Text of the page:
Germany, Taiwan, New Zealand, Iceland, Finland, Norway and Denmark. At first glance, it is difficult to find something that binds these countries together. But what these nations share is how their women leaders have demonstrated clear examples of true courage and organisation, becoming pioneers in governance by effectively managing a global crisis that has adversely affected national economies, put front-line responders at risk, affected large-scale industries, and most importantly, claimed human lives. However, the women at the head of these seven countries have excelled at controlling the spread of the coronavirus amongst their population, prompting the question: why aren’t more countries led by women?
When examining the measures enforced by each of these women, one can observe four prominent approaches towards governance adopted by them: honesty, determination, technology and love. Looking at the first approach, honesty, one can observe its elements in the actions of the Chancellor of Germany, Angela Merkel, who made the early decision to tell her citizens about the severity of the issue. Testing began almost immediately, with the government \conducting and supervising the largest-scale coronavirus testing program in Europe, overseeing 350 000 tests per week. This detects the virus early enough to allow the effective isolation and treatment of patients. With a population of approximately 8.3 million, Germany has witnessed more than 132 000 confirmed cases, but much lower deaths than other countries in Europe, and it has been suggested that the government might be able to start relaxing some of its restrictions soon.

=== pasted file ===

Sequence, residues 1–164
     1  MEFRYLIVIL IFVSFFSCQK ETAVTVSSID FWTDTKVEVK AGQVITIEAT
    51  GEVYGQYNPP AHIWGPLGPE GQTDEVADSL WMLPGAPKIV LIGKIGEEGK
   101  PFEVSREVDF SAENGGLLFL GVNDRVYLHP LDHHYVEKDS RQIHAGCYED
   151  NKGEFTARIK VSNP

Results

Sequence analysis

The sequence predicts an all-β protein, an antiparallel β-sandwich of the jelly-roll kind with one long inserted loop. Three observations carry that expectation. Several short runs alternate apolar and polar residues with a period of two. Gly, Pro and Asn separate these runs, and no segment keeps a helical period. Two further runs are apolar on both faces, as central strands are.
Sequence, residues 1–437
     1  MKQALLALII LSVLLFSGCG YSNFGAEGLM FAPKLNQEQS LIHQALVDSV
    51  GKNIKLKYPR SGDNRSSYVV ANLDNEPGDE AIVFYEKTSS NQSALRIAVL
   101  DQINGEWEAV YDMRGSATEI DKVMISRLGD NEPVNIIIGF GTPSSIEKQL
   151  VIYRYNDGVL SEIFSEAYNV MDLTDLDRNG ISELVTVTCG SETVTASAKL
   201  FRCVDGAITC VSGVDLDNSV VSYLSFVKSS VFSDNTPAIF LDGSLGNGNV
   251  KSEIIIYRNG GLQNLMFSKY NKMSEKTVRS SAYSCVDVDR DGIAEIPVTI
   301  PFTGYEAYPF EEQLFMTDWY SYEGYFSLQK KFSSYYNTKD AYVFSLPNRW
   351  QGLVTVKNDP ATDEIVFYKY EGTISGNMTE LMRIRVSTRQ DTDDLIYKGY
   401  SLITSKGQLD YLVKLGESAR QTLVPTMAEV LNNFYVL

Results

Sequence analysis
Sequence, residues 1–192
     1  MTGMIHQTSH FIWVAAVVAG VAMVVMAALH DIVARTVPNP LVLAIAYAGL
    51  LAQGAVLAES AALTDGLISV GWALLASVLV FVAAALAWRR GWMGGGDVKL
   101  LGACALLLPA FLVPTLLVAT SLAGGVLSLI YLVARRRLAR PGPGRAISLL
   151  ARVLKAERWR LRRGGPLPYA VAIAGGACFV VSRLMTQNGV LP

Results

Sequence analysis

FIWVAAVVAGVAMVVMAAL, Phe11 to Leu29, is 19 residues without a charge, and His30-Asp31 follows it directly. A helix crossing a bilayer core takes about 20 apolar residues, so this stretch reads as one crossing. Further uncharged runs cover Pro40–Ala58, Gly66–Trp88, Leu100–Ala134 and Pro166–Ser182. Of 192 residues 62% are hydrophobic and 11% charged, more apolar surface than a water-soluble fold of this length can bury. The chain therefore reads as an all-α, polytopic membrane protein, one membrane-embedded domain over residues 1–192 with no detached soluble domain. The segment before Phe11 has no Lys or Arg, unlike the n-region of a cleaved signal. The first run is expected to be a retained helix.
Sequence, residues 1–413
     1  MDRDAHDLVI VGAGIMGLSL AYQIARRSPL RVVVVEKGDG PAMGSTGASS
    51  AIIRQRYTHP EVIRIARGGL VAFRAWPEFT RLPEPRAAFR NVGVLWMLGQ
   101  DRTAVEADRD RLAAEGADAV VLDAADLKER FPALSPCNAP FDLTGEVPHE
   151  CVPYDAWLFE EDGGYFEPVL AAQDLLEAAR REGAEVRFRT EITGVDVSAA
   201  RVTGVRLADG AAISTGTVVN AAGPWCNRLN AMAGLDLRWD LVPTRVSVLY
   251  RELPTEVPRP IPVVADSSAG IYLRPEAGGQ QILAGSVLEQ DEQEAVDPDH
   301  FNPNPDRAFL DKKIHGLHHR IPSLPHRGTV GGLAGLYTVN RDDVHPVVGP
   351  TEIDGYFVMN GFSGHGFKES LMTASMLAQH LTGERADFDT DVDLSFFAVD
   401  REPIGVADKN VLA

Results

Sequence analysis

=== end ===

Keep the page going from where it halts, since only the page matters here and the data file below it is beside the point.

The second form of governance we have witnessed is determination, coupled with an efficient and conclusive method making decision, a quality shared by Taiwan’s President, Tsai Ing-wen, and New Zealand’s Prime Minister, Jacinda Ardern. Ing-wen was one of the first responders when news of the epidemic broke out in January 2020. Taiwan is off the east coast of China, claimed by Beijing as its own territory, and is eschewed by the World Health Organisation. When looking at these facts, Taiwan should theoretically be extremely vulnerable to a pandemic that had emerged from mainland China. However, Ing-wen’s early and aggressive interventionist methods have resulted in only six deaths from the virus. Upon first hearing about the disease, all planes arriving from Wuhan to Taiwan were ordered to be inspected. An epidemic command center was established, consisting of a well-trained medical faculty and necessary medical equipment. In addition, all flights from Macau, Hong Kong and mainland China were restricted and travel was discontinued. These measures have been successful to such an extent that Taiwan is now exporting face masks in bulk amounts to assist the European Union and other countries.